To-do lists can work for you, but if you are not using them effectively, they can actually leave you feeling more disillusioned and stressed than you did before. Think of a filing system: the concept is good, but if you merely file papers away with no structure or system, the filing system will have an adverse effect. It’s the same with to-do lists—you can put one together, but if you don’t do it right, it is a fruitless exercise.

Why Some People Find That General To-Do Lists Don’t Work?

Most people find that general to-do lists don’t work because:

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  • They get so overwhelmed just by looking at all the things they need to do.
  • They don’t know how to prioritize the items on list.
  • They feel that they are continuously adding to their list but not reducing it.
  • There’s a sense of confusion seeing home tasks mixed with work tasks.

Benefits of Using a To-Do List

However, there are many advantages working from a to-do list:

  • You have clarity on what you need to get done.
  • You will feel less stressed because all your ‘to do’s are on paper and out of your mind.
  • It helps you to prioritize your actions.
  • You don’t overlook so many tasks and forget anything.
  • You feel more organized.
  • It helps you with planning.

4 Golden Rules to Make a To-Do List Work

Here are my golden rules for making a “to-do” list work:

1. Categorize

Studies have shown that your brain gets overwhelmed when it sees a list of 7 or 8 options; it wants to shut down.[1] For this reason, you need to work from different lists. Separate them into different categories and don’t have more than 7 or 8 tasks on each one.

It might work well for you to have a “project” list, a “follow-up” list, and a “don’t forget” list; you will know what will work best for you, as these titles will be different for everybody.

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2. Add Estimations

You don’t merely need to know what has to be done, but how long it will take as well in order to plan effectively.

Imagine on your list you have one task that will take 30 minutes, another that could take 1 hour, and another that could take 4 hours. You need to know the moment you look at the task, otherwise you undermine your planning, so add an extra column to your list and include your estimation of how long you think the task will take, and be realistic!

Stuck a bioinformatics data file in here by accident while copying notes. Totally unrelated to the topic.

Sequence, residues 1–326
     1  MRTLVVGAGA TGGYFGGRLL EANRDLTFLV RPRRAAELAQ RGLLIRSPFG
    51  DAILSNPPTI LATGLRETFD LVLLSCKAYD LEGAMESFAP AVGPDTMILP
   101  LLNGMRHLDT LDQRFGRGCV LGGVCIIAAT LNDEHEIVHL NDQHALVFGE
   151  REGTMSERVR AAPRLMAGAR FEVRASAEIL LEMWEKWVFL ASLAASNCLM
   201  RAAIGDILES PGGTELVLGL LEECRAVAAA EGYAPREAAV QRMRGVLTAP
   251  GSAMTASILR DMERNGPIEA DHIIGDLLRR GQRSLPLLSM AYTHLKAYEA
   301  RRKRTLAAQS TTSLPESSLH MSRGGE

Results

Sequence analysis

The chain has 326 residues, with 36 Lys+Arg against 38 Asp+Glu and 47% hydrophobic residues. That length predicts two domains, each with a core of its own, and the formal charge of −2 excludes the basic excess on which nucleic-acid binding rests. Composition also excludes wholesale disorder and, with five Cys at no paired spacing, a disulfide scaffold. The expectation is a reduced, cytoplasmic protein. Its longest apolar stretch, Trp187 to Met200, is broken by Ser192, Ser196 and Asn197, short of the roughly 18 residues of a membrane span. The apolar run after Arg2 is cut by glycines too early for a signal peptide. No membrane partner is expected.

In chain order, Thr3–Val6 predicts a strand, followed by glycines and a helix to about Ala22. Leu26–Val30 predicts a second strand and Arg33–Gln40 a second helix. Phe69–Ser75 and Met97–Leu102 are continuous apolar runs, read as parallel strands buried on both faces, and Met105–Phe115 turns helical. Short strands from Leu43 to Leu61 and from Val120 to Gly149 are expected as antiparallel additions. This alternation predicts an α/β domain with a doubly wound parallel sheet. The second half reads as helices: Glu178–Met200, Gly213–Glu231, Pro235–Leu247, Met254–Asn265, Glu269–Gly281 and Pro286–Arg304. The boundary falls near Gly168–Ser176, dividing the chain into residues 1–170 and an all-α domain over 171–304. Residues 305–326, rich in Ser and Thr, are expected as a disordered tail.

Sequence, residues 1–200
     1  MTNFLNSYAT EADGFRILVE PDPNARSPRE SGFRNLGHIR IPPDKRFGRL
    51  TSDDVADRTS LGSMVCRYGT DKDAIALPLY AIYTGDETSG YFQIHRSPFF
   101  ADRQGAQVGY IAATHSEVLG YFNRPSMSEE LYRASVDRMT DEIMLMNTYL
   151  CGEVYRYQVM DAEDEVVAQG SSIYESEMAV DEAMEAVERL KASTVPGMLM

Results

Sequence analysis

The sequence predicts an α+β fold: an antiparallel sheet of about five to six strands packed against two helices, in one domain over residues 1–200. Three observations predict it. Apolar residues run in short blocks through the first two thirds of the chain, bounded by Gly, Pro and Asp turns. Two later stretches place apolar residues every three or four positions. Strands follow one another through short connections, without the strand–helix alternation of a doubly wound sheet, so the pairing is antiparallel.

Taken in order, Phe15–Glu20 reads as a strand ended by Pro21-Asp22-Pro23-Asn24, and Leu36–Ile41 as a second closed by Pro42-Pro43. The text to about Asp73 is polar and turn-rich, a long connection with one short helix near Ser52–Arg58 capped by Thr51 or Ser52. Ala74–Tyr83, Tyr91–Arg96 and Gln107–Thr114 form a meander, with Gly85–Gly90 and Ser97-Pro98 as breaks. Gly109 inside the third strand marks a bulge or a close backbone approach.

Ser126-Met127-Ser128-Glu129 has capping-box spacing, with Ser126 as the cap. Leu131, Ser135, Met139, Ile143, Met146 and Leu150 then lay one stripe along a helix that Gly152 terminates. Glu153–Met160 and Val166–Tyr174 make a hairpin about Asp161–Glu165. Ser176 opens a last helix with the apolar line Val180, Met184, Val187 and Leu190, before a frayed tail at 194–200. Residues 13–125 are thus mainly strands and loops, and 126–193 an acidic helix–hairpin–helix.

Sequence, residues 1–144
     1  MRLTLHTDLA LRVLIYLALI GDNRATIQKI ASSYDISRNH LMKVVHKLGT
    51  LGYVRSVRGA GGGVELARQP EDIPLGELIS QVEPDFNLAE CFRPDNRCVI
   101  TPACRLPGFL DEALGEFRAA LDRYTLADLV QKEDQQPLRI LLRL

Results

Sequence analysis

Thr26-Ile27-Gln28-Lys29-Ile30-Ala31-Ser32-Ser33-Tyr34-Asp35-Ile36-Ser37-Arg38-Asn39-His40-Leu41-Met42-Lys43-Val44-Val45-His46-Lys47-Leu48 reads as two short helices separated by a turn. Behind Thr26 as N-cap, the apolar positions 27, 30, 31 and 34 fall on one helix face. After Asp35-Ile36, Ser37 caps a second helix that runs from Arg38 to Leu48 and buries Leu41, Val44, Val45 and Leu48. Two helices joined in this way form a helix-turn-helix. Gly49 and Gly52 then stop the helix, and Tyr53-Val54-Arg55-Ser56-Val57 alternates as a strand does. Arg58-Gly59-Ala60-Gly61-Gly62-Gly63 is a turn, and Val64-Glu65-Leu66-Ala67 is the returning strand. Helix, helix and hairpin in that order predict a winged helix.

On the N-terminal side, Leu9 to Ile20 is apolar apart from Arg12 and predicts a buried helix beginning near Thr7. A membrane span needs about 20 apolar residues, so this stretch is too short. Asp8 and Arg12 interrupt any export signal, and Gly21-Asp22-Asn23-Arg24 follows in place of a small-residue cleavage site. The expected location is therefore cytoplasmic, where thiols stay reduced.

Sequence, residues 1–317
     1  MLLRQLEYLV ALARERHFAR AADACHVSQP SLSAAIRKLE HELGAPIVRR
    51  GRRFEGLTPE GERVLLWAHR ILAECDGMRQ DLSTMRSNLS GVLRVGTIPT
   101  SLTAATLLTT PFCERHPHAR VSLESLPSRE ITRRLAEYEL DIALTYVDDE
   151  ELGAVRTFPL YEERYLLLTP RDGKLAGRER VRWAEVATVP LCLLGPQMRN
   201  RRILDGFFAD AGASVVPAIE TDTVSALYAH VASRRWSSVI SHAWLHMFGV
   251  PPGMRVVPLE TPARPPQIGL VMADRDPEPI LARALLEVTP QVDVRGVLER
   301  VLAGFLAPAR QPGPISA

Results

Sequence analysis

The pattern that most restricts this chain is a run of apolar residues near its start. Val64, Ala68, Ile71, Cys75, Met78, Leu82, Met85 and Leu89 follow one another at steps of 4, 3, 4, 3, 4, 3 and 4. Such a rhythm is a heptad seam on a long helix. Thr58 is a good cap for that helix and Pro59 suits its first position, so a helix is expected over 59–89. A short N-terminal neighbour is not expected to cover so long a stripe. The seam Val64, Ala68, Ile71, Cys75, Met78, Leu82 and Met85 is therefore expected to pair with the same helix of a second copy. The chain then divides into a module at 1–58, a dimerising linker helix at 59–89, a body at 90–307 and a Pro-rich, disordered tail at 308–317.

Tip: If you find it a challenge to estimate accurately, then start by building this skill on a daily basis. Estimate how long it will take to get ready, cook dinner, go for a walk, etc., and then compare this to the actual time it took you. You will start to get more accurate in your estimations.

3. Prioritize

To effectively select what you should work on, you need to take into consideration: priority, sequence and estimated time. Add another column to your list for priority. Divide your tasks into four categories:

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  • Important and urgent
  • Not urgent but important
  • Not important but urgent
  • Not important or urgent

You want to work on tasks that are urgent and important of course, but also, select some tasks that are important and not urgent. Why? Because these tasks are normally related to long-term goals, and when you only work on tasks that are urgent and important, you’ll feel like your day is spent putting out fires. You’ll end up neglecting other important areas which most often end up having negative consequences.

Most of your time should be spent on the first two categories.

4.  Review

To make this list work effectively for you, it needs to become a daily tool that you use to manage your time and you review it regularly. There is no point in only having the list to record everything that you need to do, but you don’t utilize it as part of your bigger time management plan.

For example: At the end of every week, review the list and use it to plan the week ahead. Select what you want to work on taking into consideration priority, time and sequence and then schedule these items into your calendar. Golden rule in planning: don’t schedule more than 75% of your time.

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Bottom Line

So grab a pen and paper and give yourself the gift of a calm and clear mind by unloading everything in there and onto a list as now, you have all the tools you need for it to work. Knowledge is useless unless it is applied—how badly do you want more time?

To your success!

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Featured photo credit: Emma Matthews via unsplash.com

Reference